Using third-party agents may expose you to substantial liability
Paperwork is an inevitable and often tedious part of doing business. When this paperwork becomes routine and time-consuming, the natural tendency is to skim through documents or rely on industry-developed shortcuts. While this may save you time in the short term, it risks exposing you and your business to massive liability. And while you can directly control your own actions, the risk of liability doesn’t end there. Many companies choose to outsource this paperwork to third parties and trust them to do their job. But even when you have good practices internally, when third parties working for you don’t follow best practices, you can still be put at risk. The recent decision of the California Court of Appeals in Bergstrom vs. Zions Bancorporation is a clear example of how reliance on third-party agents and the use of third-party shortcuts can expose your business to massive liability. 2022 WL 1419910 (2022).
Zions Bancorp (“Zions”) is a bank based in Los Angeles, California. Like most California corporations, it has contracted with a third party (in this case, Corporation Service Company (“CSC”)) to serve as its agent for service of process. As the service of process agent, one of CSC’s responsibilities was to accept legal documents and notify Zions when Zions needed to take action. In 2019, CSC received a levy notice from Bergstrom regarding funds in a Zion account to compensate him for an out-of-state court judgment. This notice of levy required Zions to freeze the debtor’s account assets to prevent the account holder from taking the money and leaving the creditor with nothing. Although a notice of levy is a relatively short legal form, an industry practice exists for bailiffs that the serving party will underline the name of the party to whom the legal document is addressed in order to expedite the process. of examination. This shorthand has developed independently of the law, but is heavily used by members of the industry.
However, in this case, the party serving the debit notice underlined the name of one of the account holders whose bank account was to be debited by Sion, rather than underlining the name of Sion (the party to whom the legal document was addressed) itself. As a result, CSC rejected the notice of levy, saying it was not a process service agent for the company it was intended for. In the eight days between that error and the creditor being able to challenge the rejection, the owner of the bank account withdrew nearly all of the assets from the account, leaving about $200 of the approximately $120,000 in the account at the time the direct debit notice was served. Having lost his ability to meaningfully collect from the debtor, Bergstrom filed suit against Zion, seeking compensation equal to the balance in the debtor’s account at the time his notice of collection was wrongfully denied.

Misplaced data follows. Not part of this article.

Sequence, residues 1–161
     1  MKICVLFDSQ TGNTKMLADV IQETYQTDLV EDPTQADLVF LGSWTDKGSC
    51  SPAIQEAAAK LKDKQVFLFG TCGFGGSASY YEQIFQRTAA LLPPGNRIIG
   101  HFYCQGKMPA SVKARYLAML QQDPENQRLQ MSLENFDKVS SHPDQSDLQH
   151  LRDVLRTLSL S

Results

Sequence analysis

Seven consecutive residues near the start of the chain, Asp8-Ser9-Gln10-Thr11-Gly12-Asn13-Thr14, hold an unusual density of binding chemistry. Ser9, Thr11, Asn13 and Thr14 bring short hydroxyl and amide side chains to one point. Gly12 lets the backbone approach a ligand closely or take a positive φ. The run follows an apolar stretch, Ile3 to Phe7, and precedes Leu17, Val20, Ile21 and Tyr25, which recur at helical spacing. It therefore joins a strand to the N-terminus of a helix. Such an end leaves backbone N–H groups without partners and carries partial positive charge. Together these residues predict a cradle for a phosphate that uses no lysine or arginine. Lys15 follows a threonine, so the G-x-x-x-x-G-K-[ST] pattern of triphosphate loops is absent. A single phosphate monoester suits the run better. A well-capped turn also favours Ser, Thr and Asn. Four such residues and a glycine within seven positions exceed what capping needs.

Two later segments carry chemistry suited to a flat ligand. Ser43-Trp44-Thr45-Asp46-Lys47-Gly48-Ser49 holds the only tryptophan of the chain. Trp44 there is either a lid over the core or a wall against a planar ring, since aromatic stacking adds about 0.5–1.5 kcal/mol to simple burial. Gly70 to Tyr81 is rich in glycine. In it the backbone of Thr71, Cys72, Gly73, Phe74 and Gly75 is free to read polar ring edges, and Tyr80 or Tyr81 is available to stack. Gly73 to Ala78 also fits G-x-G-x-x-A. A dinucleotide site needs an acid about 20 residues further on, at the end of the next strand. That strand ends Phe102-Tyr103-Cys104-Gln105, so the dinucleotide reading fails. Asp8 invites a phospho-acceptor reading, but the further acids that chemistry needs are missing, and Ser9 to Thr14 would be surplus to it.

The Court analyzed three main questions: (1) What is the standard of care for companies that receive a notice of levy? (2) is an officer reviewing legal documents negligent in relying on industry standards and practices to expeditiously review the document; and (3) whether implicit knowledge of the contents of a legal document served on an agent for service can be imputed to the principal.
First, the Court attempted to define the standard of care for responding to notices of collection. Under California Code of Civil Procedure Section 701.020, a party who receives a notice of levy but does not comply with it is liable to the judgment creditor unless they have “good cause” for refuse to honor it. However, this section of the code does not define “good cause”. Looking at other articles of the Code of Civil Procedure as well as the Civil Code, the Court held that someone has a “good reason” to ignore a notice of debit if he “did not know or had reason to know” the levy. Further, he held that a party could be charged with knowledge, even in the absence of actual knowledge, if the party was negligent not to get that knowledge or that information.